Could we transcend space-time with the multiverse?

What if the universe was just one of many? The hypothesis is unsettling, it questions our perception of the cosmos, it invites us to rethink space-time. It completes the lesson in humility that astrophysics has taught us since the Copernican revolution 500 years ago. No, our Earth is not the center of everything, it is just one of the hundreds of billions of planets in the Milky Way, which is just one galaxy among more than 2,000 billion others in the visible universe. And now our universe itself could only be a tiny part of the multiverse! Pure science fiction? Not at all: in fact, most current cosmological models predict the existence of an abundance of these famous parallel universes so dear to the big screen…

Also read: Could there be a mirror universe on the other side of the Big Bang?

Starting even with the theory that has been a reference for more than a century: Einstein’s general relativity! This theory of gravitation holds that space-time is not fixed: it deforms and bends in the presence of matter or energy.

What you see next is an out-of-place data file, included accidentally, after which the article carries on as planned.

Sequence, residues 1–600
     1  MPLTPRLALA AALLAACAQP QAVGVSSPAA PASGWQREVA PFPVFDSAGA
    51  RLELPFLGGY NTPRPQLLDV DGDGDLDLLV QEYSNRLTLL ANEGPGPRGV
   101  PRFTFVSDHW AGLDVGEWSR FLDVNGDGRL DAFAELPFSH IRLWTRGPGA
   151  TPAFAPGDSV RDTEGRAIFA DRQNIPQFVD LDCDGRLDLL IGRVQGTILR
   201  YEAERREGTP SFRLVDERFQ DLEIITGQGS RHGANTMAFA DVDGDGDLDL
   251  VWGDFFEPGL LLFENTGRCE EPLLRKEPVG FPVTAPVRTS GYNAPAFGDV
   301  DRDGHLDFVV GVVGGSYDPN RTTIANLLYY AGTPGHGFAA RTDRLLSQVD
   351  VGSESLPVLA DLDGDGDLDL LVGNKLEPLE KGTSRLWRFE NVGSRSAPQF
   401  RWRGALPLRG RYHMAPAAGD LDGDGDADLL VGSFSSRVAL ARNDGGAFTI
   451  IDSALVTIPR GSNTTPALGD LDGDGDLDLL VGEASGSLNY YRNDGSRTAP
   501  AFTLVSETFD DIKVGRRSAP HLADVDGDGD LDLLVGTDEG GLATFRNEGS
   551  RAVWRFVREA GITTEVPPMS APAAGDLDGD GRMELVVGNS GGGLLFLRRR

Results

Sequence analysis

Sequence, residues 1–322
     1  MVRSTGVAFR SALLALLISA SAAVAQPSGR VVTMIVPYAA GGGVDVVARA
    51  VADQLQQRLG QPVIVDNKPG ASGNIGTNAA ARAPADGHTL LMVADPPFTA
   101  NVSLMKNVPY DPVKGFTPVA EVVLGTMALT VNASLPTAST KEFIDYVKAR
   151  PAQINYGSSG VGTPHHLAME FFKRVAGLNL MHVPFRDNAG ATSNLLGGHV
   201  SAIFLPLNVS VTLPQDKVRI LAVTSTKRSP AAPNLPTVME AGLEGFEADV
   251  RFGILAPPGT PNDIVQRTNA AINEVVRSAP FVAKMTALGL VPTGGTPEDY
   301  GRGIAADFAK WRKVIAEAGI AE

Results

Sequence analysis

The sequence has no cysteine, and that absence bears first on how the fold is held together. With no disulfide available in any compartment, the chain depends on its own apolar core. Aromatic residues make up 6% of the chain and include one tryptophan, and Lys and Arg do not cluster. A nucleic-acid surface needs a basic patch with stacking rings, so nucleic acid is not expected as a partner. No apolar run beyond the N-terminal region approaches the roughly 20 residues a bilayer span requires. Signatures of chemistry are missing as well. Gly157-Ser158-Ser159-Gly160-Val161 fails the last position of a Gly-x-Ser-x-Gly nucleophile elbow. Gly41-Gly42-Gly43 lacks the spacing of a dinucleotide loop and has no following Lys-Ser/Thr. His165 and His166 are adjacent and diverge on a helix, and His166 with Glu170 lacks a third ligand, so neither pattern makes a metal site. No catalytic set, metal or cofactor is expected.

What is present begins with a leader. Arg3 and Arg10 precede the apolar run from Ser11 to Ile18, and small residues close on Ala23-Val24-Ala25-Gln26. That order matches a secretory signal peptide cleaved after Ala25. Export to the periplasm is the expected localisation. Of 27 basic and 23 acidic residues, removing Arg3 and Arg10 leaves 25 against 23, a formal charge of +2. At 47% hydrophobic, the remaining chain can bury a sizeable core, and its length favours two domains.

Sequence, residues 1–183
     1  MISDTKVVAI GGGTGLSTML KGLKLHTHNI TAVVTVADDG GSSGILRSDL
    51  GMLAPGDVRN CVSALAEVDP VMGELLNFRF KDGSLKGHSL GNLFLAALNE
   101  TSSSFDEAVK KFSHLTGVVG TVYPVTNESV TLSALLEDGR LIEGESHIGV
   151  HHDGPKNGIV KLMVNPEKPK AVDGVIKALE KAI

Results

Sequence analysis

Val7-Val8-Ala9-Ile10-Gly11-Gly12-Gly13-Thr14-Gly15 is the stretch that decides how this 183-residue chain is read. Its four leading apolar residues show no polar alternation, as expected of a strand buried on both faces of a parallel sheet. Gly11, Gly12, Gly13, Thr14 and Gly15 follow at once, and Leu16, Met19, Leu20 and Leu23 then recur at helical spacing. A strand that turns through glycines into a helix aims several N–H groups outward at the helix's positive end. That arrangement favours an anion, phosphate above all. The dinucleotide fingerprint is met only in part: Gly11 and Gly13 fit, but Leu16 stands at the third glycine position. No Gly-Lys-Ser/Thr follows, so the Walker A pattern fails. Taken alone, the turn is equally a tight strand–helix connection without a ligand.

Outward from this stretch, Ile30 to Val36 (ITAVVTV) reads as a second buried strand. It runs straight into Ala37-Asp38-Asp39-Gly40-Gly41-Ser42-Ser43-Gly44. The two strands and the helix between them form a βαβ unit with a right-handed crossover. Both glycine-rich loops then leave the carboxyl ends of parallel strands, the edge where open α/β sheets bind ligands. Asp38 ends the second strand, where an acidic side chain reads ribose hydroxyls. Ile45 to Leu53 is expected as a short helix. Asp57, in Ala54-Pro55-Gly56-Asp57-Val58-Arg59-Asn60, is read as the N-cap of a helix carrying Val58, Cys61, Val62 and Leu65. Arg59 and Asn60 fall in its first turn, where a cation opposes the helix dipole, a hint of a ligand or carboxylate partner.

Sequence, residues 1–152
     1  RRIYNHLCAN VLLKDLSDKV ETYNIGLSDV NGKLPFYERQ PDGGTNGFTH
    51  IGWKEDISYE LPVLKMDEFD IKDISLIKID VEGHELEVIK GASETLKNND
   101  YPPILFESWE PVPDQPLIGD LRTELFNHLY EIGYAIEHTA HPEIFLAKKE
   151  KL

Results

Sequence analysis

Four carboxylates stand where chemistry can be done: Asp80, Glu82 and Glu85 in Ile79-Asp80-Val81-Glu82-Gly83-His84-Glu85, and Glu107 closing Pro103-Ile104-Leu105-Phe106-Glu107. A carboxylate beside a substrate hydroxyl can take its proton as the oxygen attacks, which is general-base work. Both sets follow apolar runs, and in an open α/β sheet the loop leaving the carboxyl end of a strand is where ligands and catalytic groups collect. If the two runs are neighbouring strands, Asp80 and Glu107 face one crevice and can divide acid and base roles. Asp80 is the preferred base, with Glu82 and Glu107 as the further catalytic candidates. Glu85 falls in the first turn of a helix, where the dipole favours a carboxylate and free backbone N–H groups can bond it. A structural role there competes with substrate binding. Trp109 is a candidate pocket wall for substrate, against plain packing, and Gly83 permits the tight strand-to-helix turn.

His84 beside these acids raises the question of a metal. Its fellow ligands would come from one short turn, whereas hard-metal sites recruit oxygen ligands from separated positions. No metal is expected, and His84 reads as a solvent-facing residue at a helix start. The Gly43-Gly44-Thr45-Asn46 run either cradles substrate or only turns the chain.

“According to the theory of relativity, space could stretch to infinity or go back on itself in three dimensions, describes Benjamin Wandelt, professor of astrophysics and member of the Planck collaboration. But if the universe is infinite, then it is mandatory: somewhere in spacetime there exists a planet similar to Earth, populated by our look-alikes, a real parallel world! This is because at infinity, anything that has a non-zero probability of occurring… necessarily occurs, and an infinity of times: there would therefore be Earths ad infinitum! It is even possible to derive the step that separates us from those closest to us: statistically speaking, 1010 29 m. A phenomenal distance, which unfortunately places it forever out of reach… Doubts? Two physical limits inherent to our space-time: the finiteness of the speed of light, which prevents us from seeing beyond 1028 m, or 46.5 billion light years; and the expansion of the universe, which distances the regions of the cosmos from each other. In this multiverse of general relativity, the parallel worlds thus follow each other in the same space-time, which unfolds in infinity…


Unless cosmic inflation has occurred! This second model of the multiverse is a kind of extension of general relativity. He postulates that just after the big bang, our universe would have undergone a phase of exponential expansion in which space-time would have been brutally expanded: distances would have been stretched at least 1026 times in just 1 millionth billionth of a billionth of a billionth of a second!